BULLET COMMENTS AUGUST 2020

August 4, 2020

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The Coronavirus pandemic of 2020 has had multiple effects on worldwide film production, distribution, and viewing. The pandemic has had the short term effect of making some films more available for home viewing. It is not altogether clear yet if that will prove to be an enduring trend. The fact that this tendency was already emerging before the pandemic could indicate that it is a long term trend. Before looking at general trends that go beyond particular films in this Bullet Comments section of The Movie Shrink site, let us say a few words about our goals in this section.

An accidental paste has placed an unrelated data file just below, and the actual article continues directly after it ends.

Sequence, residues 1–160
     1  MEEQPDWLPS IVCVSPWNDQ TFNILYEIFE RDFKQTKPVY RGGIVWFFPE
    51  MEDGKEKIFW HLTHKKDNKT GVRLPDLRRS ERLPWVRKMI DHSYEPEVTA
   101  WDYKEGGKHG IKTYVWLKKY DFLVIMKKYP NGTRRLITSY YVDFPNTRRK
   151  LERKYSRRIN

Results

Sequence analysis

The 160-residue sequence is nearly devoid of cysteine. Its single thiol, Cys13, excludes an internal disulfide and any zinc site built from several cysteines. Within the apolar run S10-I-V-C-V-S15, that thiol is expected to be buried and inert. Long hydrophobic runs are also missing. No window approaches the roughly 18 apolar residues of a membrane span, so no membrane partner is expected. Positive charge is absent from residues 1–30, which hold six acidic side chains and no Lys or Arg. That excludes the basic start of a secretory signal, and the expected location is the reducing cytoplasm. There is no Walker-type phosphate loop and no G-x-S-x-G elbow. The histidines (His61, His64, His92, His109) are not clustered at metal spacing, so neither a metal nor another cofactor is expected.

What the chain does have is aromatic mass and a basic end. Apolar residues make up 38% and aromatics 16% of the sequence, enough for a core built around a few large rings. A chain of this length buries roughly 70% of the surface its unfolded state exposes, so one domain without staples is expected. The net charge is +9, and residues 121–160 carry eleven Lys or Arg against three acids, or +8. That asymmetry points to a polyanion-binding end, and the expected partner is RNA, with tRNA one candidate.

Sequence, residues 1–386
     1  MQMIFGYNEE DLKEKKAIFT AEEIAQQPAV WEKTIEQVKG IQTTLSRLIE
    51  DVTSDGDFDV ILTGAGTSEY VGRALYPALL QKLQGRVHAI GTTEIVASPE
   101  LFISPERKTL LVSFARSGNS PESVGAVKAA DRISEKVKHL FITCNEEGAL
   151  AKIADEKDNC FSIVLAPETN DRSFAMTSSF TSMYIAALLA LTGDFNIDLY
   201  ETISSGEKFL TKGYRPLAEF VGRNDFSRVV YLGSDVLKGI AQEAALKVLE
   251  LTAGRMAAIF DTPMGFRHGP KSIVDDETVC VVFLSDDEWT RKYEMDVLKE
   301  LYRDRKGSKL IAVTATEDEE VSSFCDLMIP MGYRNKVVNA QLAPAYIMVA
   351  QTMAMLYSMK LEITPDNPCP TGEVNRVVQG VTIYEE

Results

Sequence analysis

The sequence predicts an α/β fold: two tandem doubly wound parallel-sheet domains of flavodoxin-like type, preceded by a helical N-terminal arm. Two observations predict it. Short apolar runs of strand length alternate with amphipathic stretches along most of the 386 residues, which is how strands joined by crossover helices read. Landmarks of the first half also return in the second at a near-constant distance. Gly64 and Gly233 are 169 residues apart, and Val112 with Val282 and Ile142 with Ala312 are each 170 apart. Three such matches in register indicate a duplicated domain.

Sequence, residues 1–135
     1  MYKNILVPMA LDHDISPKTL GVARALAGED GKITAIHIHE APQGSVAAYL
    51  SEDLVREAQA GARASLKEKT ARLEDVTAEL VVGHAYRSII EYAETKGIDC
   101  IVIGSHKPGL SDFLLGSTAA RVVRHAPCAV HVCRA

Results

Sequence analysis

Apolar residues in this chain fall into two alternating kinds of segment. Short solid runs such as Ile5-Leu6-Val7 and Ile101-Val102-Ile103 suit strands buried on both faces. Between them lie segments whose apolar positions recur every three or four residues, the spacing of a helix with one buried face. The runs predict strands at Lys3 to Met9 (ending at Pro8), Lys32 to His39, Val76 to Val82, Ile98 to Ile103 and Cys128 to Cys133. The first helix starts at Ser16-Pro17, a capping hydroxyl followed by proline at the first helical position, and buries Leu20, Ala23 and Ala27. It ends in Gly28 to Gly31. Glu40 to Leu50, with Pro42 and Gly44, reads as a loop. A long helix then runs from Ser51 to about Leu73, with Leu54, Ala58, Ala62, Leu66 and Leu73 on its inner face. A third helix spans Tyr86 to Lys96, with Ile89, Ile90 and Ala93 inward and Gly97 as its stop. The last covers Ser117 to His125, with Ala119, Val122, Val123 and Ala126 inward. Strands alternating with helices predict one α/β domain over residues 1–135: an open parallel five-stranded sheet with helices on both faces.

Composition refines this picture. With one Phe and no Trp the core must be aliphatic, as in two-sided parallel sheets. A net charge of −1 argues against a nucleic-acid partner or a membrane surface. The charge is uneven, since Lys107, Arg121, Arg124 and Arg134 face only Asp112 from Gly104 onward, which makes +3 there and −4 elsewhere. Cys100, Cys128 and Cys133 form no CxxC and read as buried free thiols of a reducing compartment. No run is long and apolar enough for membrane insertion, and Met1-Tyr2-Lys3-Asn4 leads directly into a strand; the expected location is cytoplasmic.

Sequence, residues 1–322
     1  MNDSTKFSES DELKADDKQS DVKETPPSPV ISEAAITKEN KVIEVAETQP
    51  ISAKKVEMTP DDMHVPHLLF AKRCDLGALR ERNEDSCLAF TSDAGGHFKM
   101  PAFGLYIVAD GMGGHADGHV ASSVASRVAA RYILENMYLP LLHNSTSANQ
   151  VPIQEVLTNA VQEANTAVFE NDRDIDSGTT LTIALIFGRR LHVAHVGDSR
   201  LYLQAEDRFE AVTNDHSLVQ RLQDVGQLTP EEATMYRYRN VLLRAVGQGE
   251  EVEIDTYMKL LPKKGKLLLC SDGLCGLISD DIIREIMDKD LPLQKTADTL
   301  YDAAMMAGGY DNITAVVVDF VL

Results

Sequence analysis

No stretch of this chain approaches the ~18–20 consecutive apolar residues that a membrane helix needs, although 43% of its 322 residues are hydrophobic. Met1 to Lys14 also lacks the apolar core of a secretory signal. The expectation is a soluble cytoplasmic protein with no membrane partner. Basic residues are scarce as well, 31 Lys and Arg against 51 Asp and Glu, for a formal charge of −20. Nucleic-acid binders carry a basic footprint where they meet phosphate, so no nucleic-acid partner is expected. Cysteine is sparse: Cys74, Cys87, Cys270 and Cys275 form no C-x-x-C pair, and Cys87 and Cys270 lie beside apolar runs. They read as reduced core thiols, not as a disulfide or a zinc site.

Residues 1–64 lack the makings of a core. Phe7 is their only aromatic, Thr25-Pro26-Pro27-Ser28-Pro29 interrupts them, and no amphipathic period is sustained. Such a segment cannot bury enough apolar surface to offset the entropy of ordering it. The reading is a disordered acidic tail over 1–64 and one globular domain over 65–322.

In other postings on this site, we pointed out that, to identify the films that we make somewhat extensive specific comments on, we must look at many other films for which we will make less extensive comments.

Some of these films could be amenable to hermeneutic understanding, but time constraints and other factors make it difficult to comment extensively on a large number of films. In addition, other films simply do not lend themselves to hermeneutic analysis.

Also, we want to avoid the following risk: If indeed, hermeneutics is everything, and can apply to anything, then it runs the risk of being nothing.

That having been said, here are, nevertheless, some limited and brief comments we can offer on a variety of relatively recent films. We are, in this case, interested in general trends more than in particular films. That being said, a few of the films briefly mentioned here may give way to more detailed analyses in the main feature section of The Movie Shrink.